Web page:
For Mintzer, the “guardians of global savings pools” (i.e. hedge funds, pension funds, etc.), who hold some USD 80 trillion of our collective assets, need to shift some of their fixed income allocation from sovereign debt to investment in infrastructure. This could be underwritten by commercial and development banks and insurance companies.
However, for this to happen the calculus of climate change risk needs to improve – and indeed it is, through a spread of so-called stress tests. In short, there is increasing awareness that warming temperatures affect not only individual assets but the entire corporate portfolio financial institutions hold.
For Villeroy de Galhau, there is no doubt that stress tests are an integral part of financial institutions’ job of managing risk. The insurance and reinsurance sectors have developed them furthest. “But the current regulatory framework for banks doesn’t take climate change enough into account as a potential risk,” he added.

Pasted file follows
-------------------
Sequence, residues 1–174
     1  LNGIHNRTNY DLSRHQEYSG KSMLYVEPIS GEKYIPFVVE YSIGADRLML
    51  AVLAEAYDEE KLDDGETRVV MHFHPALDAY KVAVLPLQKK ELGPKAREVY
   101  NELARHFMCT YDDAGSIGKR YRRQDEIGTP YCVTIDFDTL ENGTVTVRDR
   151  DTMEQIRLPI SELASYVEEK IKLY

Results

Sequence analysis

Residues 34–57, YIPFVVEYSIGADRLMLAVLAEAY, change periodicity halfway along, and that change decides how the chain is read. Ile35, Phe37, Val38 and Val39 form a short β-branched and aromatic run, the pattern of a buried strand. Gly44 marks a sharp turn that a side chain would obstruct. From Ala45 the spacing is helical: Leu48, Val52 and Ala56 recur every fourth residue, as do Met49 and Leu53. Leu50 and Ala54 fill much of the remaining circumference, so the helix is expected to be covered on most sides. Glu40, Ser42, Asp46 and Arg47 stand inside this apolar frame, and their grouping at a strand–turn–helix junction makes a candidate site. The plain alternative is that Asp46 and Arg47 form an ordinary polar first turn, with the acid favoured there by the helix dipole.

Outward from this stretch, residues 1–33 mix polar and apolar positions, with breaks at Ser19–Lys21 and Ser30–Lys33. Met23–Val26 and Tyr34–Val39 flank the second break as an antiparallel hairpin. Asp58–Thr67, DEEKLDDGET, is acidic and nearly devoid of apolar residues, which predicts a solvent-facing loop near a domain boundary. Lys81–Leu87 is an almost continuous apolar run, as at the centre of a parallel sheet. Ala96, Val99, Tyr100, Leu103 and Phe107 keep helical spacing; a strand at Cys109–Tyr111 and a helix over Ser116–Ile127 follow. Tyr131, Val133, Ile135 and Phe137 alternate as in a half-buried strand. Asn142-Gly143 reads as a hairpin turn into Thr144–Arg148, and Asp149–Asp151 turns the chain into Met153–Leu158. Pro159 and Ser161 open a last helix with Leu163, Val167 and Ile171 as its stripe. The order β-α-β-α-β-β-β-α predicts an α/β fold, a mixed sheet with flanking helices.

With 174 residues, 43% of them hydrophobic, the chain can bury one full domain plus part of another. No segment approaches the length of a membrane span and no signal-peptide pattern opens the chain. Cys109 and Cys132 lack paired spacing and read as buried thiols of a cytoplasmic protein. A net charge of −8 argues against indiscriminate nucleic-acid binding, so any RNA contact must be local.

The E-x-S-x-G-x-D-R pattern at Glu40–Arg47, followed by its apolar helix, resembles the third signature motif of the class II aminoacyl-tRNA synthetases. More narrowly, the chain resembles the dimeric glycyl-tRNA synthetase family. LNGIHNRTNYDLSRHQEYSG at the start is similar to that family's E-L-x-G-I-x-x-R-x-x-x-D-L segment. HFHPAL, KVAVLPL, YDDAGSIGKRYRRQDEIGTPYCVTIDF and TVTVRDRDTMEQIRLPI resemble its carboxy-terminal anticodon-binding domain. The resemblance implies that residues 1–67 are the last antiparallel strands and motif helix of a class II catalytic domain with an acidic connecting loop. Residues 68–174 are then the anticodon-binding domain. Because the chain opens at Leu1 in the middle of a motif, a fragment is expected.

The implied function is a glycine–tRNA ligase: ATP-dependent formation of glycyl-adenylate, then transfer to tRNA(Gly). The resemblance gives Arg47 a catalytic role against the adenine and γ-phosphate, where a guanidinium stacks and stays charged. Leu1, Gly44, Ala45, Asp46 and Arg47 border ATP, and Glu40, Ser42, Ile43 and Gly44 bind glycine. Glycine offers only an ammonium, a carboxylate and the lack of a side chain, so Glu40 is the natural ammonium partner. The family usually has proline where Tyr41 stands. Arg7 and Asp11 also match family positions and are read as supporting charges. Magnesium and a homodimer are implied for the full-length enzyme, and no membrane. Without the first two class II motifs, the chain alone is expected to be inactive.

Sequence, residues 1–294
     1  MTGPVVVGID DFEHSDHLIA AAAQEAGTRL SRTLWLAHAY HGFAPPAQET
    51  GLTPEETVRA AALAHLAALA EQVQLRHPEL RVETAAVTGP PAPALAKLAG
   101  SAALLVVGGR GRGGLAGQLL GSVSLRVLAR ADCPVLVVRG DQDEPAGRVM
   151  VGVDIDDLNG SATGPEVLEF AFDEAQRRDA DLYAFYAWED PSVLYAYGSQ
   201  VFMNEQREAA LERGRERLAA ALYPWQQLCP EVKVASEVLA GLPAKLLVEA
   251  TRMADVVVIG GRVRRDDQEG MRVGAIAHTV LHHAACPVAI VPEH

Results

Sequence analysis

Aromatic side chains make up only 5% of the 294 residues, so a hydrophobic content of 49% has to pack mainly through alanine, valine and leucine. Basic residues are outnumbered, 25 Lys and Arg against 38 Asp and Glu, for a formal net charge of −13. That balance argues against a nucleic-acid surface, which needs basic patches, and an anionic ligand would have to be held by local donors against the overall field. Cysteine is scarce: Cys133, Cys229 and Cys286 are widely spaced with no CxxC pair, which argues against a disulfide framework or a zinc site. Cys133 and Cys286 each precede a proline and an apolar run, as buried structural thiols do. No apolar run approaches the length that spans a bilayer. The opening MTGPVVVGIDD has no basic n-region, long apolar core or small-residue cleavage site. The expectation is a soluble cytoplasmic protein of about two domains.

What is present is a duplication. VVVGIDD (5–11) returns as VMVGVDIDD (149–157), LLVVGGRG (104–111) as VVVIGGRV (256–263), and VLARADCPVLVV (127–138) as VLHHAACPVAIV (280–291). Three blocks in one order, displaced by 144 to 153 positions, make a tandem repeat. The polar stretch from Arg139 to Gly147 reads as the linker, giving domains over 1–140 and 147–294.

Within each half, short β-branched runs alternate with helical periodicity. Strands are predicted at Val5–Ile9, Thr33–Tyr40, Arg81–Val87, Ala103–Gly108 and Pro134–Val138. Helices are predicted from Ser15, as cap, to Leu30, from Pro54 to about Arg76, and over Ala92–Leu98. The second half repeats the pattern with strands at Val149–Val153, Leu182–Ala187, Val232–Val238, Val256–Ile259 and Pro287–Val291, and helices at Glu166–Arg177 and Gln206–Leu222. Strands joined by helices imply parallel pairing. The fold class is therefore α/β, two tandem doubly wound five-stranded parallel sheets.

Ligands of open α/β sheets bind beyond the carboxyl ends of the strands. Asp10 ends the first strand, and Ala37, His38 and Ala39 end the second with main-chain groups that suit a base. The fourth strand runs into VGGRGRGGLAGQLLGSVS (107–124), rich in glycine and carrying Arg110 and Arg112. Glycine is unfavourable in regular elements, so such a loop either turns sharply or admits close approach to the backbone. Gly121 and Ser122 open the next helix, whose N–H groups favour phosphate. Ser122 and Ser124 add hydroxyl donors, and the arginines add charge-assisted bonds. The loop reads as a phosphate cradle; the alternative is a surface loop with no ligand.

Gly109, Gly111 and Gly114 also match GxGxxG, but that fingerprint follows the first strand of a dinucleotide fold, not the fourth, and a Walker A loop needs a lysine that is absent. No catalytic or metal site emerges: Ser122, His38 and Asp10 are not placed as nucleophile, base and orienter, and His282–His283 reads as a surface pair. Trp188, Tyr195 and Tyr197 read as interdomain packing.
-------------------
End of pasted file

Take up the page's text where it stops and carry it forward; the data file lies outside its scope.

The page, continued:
To be clear, there are three main categories of risk financial institutions are concerned with: physical, legal and macroeconomic.
France’s recently passed law on energy transition is seen as having provided a welcome boost for building a regulatory framework to help financial institutions assess risk and spur green finance.
Not only does it call for reviewing the risks climate change poses for banks, it also requires financial institutions to disclose how they factor in environmental considerations in their investments and how they are contributing to the energy transition. Baupin emphasized that it set an important precedent and provided an example for other governments to follow.